With a potentially historic week on the horizon, we look back at a map from the past.
Forsan et haec olim meminisse iuvabit. -From Virgil's 'Aeneid'
We are perhaps witnessing the end of an era. For the first time in sixty years the leader of Cuba is not a Castro. Day by day it seems the pre-conditions for a substantial agreement ending the Korean War may be falling into alignment.
The coming weeks and months may very well be historic and will no doubt bring unexpected and unprecedented changes to the region and to the lives of the people that live here. At such times, it is important to remember that, for better and for worse, the the current of history affects individuals differently - some will look back on the past with pleasant nostalgia while fearing the future, others will be quick to forget all that happened before to embrace tomorrow. Many just live day to day in the present with mixed views of the past and future. For those of us close close to these matters, we sincerely hope the future that comes is for the most part brighter and more hopeful for all. That might seem naive, but still must hope for the best.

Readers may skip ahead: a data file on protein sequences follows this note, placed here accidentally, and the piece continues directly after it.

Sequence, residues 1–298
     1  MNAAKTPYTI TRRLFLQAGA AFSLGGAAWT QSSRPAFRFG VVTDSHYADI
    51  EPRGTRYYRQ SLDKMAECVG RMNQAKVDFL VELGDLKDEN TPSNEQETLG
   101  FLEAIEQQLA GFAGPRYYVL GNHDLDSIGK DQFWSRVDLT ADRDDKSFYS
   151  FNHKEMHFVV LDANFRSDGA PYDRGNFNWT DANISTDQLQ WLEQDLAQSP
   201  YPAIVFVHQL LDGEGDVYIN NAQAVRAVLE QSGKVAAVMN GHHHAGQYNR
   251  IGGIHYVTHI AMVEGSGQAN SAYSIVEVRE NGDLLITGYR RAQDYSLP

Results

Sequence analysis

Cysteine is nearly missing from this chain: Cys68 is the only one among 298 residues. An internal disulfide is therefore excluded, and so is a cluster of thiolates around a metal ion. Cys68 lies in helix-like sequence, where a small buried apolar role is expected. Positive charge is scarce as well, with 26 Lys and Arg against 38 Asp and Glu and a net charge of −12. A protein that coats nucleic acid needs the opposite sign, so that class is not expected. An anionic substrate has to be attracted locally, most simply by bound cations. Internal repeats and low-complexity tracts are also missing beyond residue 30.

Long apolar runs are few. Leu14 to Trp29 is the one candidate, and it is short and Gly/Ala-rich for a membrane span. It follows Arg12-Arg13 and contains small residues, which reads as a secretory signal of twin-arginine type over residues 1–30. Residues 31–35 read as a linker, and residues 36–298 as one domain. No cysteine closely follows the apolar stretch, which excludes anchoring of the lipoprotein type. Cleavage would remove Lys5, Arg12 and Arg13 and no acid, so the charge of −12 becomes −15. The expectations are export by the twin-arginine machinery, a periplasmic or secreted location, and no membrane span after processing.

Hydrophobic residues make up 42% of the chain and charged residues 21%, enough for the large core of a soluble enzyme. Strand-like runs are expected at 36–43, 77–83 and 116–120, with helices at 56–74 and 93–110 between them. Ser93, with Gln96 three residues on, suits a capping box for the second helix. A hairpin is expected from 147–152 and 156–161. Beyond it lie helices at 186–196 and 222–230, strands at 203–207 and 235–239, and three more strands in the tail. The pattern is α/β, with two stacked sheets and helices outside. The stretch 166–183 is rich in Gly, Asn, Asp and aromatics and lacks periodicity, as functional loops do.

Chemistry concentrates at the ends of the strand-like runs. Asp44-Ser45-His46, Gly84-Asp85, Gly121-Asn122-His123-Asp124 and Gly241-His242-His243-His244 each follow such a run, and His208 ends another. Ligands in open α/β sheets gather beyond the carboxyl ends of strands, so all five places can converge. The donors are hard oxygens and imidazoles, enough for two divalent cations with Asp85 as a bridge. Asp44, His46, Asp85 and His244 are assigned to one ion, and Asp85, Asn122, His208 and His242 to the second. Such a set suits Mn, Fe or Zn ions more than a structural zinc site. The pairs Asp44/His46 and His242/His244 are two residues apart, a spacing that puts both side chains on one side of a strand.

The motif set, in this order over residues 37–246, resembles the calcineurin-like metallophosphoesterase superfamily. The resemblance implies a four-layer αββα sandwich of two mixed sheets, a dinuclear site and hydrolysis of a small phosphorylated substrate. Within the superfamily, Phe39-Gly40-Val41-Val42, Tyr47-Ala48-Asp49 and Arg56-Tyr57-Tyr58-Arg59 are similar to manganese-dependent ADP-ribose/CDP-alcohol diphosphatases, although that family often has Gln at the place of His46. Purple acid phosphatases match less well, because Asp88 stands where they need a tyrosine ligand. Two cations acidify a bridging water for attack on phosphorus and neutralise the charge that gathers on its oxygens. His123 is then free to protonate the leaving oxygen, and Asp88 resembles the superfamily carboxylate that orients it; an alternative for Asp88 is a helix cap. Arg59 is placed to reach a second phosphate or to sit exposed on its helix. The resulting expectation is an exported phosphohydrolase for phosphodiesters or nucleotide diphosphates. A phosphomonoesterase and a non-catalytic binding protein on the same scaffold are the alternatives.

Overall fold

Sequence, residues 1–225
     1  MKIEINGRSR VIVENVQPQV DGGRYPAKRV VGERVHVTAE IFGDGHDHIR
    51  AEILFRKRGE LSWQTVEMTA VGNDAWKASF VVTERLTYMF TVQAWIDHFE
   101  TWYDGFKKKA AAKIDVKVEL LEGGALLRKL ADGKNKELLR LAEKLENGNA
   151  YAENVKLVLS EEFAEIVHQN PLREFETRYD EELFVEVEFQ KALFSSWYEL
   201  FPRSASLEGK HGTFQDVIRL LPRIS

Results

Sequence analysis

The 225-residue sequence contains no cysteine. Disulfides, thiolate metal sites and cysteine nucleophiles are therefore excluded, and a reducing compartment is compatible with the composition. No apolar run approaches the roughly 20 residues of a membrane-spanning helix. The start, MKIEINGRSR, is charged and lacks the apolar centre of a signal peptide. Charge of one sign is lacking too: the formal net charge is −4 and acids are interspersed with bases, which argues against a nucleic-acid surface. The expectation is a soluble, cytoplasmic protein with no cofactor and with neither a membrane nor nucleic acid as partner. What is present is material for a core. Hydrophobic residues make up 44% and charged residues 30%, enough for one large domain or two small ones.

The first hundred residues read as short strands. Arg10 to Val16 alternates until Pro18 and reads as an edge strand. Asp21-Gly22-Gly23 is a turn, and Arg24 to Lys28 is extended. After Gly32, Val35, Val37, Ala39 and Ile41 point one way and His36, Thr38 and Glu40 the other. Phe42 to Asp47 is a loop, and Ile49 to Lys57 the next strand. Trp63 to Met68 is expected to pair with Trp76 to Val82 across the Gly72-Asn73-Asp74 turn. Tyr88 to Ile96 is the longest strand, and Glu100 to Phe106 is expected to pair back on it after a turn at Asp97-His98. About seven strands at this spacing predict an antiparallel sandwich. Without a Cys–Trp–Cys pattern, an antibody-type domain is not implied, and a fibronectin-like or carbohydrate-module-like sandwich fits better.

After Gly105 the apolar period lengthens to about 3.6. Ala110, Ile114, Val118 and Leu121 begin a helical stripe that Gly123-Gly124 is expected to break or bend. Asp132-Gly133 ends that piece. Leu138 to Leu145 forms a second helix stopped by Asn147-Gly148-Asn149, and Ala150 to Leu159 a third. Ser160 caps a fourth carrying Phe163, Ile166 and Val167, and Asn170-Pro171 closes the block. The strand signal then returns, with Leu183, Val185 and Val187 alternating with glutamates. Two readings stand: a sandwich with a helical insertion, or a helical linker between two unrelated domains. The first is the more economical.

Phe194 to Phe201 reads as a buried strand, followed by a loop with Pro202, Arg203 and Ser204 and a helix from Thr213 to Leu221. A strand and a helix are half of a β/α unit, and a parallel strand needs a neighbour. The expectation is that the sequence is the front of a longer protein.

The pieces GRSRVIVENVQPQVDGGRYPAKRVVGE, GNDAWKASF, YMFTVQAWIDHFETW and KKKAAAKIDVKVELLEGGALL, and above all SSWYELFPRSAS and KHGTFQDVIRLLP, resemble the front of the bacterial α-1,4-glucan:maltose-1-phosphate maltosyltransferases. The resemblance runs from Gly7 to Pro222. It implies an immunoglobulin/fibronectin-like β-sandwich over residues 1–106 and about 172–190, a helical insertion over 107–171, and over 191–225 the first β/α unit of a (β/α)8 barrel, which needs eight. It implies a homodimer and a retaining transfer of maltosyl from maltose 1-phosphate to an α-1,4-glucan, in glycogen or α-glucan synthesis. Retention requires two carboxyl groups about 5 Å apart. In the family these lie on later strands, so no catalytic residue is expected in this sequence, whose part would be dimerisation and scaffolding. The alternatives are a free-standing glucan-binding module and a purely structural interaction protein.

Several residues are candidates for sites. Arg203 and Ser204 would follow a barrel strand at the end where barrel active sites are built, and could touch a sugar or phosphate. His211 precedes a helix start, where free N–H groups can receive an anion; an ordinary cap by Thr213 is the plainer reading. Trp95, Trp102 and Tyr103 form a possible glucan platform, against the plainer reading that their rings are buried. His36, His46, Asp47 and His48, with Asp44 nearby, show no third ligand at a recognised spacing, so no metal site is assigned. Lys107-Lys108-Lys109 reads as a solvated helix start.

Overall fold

Today we bring you an old Soviet map of the the Korean peninsula from the Cold War. Found at an abandoned apartment somewhere in the former Soviet world, perhaps at an old long-rang bomber base in Kazakhstan, a former pioneer city in the Russian Far East, or one of our new destinations in the works for the near future, it is a relic from another time.
As it is written in the Aeneid of Virgil, 'Perhaps one day we shall be glad to remember even these things'.